Note: A version of this post appeared in this week’s Think Like a Rock Star newsletter. If you would like to subscribe, click here.
Last week when I was in Nashville something interesting happened: I was primarily in town to talk about Think Like a Rock Star with the Nashville chapter of the AMA at their monthly luncheon. But earlier that morning, I briefly spoke to a group of about a dozen CMOs.
It was interesting to hear the feedback from both groups. After the lunchtime presentation, some people wanted to talk about how to find and connect with their fans, many people loved the case studies, some people wanted to talk about creating more engaging content. In other words, there were plenty of themes that resonated with the audience, and areas that they felt they needed help with.
But the group of CMOs were focused on one key area: They wanted help in dealing with customers that were using social media tools to say negative things about them or even attack their brands online.
I *love* this topic because I believe it’s so misunderstood by many companies. The first thing to realize is that the vast majority of the time when a customer says something negative about your brand, it’s not because she wants to cause your brand harm, it’s because she wants your brand to respond to her! That’s it. She’s tried calling your customer support line and she was put on hold for 15 mins, then hung up on. She emailed your support department yesterday, and has never heard back. She’s tried the ‘normal’ channels to get your brand to help her, and she’s gotten no response. So she does the only thing she knows to do next: She’s turned to social media to bitch about you, hoping that it will get your attention!
That’s typically how it goes. Granted, sometimes people DO want to start trouble for your brand, and sometimes customers DO attack your brand just to see what you will give them to shut them up, but these instances are the exception.
So how can you plan TODAY to better deal with a customer ‘attack’ that might be coming tomorrow?
First, you need this:
Start connecting with your fans. You want your fans to be more engaged with you, you want them participating and interacting with you on your social media sites. There are countless reasons why this benefits your brand, but for the purposes of this topic it’s this: Your fans are the ‘guard dog’. If I am a person that TRULY wants to come to your Facebook page and cause a stink, seeing that you have several fans that LOVE your brand commenting and engaging there, scares me off. Why? Because your fans will come to your defense if someone shows up trying to start trouble. So if I am there to pick a fight with your brand, I don’t want to fight with your fans. So if your fans are ‘guarding the yard’, I will move on. Think of your fans as your ‘Social Media Home Security System’.
Second, you need to create a plan for dealing with customer complaints. The starting point is to assess why the person is complaining. This helps you determine if the person is truly a disgruntled customer that needs your help, or a troll that’s just there to kick sand all over the place. The disgruntled customer will typically talk about their experience, what went wrong, how they tried previously to resolve the issue, and could not, etc. The troll will typically talk about your brand in more general terms, accuse you of not supporting Belief A or Agenda X, of creating a product that destroys the environment in Area B of the world, etc. BTW the disgruntled customer should not be confused with ‘I want a freebie’, as these are trolls in disguise that think if they complain about you that you will offer them a freebie to shut them up.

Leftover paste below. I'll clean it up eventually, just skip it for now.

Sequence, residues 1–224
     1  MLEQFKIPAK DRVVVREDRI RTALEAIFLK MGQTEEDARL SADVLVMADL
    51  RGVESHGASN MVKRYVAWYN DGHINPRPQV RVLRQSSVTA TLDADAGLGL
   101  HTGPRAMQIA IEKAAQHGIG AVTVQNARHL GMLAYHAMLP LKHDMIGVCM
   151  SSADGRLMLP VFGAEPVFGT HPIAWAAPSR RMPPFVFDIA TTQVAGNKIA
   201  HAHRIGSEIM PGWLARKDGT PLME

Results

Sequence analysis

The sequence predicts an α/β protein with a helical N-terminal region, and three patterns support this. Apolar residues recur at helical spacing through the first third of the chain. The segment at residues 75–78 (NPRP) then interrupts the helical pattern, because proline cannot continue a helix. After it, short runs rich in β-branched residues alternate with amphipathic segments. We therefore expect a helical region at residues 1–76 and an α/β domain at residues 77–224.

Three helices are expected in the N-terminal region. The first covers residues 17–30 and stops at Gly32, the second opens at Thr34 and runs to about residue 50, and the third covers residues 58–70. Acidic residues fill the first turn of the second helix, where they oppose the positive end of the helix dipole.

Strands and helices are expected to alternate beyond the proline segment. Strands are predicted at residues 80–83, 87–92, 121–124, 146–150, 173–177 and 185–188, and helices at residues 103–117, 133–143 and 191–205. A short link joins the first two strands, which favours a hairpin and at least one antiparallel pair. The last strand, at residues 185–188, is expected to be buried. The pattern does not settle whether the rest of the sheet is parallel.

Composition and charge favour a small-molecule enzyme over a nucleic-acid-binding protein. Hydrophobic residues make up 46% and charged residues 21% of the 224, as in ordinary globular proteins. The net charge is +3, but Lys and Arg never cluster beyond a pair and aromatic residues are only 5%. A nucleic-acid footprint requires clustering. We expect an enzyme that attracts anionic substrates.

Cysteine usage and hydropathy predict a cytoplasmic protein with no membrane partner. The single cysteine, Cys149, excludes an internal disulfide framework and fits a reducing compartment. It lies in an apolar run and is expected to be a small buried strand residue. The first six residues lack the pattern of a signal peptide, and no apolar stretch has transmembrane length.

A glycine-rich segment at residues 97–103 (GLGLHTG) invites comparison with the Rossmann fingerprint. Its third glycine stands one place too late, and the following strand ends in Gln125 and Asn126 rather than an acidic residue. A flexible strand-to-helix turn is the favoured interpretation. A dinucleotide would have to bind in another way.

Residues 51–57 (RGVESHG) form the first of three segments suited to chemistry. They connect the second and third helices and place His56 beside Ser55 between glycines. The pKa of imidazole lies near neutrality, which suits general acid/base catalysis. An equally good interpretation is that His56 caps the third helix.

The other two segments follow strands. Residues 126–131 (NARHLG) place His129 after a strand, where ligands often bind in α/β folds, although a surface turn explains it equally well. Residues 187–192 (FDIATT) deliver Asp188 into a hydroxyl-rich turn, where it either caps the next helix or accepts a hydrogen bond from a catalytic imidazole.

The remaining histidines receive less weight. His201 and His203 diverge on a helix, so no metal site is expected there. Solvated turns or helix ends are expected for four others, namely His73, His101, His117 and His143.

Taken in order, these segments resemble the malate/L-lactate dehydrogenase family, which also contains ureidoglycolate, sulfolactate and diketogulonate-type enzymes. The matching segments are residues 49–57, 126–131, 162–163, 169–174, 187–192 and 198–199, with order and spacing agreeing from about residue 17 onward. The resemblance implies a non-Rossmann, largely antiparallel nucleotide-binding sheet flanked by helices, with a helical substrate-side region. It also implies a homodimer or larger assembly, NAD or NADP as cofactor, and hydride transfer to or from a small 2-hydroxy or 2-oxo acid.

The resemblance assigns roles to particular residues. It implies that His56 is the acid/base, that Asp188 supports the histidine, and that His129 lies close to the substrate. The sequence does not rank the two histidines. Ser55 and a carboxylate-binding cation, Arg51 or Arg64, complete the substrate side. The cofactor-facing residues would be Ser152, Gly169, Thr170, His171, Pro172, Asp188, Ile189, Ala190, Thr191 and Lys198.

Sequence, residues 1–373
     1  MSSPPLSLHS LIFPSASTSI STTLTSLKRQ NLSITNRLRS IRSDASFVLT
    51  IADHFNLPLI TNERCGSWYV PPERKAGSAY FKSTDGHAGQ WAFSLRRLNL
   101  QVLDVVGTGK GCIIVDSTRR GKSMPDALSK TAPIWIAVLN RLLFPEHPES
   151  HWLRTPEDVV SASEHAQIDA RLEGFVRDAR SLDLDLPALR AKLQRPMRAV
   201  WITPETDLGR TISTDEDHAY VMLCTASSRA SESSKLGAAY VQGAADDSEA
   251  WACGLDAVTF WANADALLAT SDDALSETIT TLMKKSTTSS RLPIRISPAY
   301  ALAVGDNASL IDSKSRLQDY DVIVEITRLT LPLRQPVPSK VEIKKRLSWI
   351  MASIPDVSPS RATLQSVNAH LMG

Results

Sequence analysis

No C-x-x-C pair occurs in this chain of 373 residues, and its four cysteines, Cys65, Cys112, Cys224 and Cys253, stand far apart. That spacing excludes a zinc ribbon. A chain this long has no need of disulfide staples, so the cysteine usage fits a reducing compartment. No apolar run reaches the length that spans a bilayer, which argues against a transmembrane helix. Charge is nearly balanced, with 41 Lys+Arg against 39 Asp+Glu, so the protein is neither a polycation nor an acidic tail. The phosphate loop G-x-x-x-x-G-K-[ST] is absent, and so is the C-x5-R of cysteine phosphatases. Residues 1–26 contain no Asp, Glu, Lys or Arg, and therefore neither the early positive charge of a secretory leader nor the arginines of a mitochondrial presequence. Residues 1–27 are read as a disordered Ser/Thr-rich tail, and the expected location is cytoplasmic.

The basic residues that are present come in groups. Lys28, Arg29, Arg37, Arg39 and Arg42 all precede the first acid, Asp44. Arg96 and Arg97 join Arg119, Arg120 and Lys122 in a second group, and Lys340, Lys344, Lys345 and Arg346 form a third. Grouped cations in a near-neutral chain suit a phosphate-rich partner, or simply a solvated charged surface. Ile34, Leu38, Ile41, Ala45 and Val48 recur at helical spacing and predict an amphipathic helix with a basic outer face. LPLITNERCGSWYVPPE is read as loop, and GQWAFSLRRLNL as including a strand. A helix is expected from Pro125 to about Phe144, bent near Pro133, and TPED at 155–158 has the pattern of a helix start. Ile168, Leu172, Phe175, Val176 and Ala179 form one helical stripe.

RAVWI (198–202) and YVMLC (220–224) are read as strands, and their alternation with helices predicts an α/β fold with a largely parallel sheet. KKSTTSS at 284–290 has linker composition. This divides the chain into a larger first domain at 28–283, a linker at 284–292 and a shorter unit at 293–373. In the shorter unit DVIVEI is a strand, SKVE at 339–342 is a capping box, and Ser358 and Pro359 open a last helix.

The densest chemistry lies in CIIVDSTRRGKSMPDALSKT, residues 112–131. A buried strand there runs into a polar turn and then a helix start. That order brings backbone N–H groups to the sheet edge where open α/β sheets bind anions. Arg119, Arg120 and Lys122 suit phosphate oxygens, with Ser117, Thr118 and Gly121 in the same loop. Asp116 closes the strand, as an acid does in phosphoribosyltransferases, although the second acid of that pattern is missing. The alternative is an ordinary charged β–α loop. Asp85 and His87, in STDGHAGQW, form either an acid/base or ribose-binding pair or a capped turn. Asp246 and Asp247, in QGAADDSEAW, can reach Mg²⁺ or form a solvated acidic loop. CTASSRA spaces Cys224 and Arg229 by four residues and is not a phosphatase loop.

The idea is, you want to give the actual customers the service they need and deserve, and not waste time on the trolls. And again, the odds are you will rarely, if ever encounter a troll. Especially if you have engaged with your fans and they are actively ‘in your yard’.
So if you currently need help dealing with angry customers ‘in your social media yard’, then I have three options to help you:
1 – Subscribe to the Think Like a Rock Star newsletter for free. It’s a weekly newsletter and one of the most common topics we tackle is dealing with negative comments from customers online. Click here to subscribe.
2 – Read Chapter Six of Think Like a Rock Star (click here to order it on Amazon). The entire chapter is devoted to properly handling negative comments with multiple case studies from brands that did a great job of handling customer complaints, and a few that did not. It walks you through the exact steps you should take to respond to unsatisfied customers in order to convert them into passionate fans. The book costs $15 currently on Amazon, and this chapter alone is well worth that price.
3 – Hire me to help you deal with upset customers online. I can work with you to craft a plan and strategy for handling future negative feedback you encounter from customers, as well as help you tackle current issues you might be facing. I can also be available ‘on call’ to help you handle future issues that pop up that require your attention quickly. Email me to discuss your exact needs and the help I can provide you.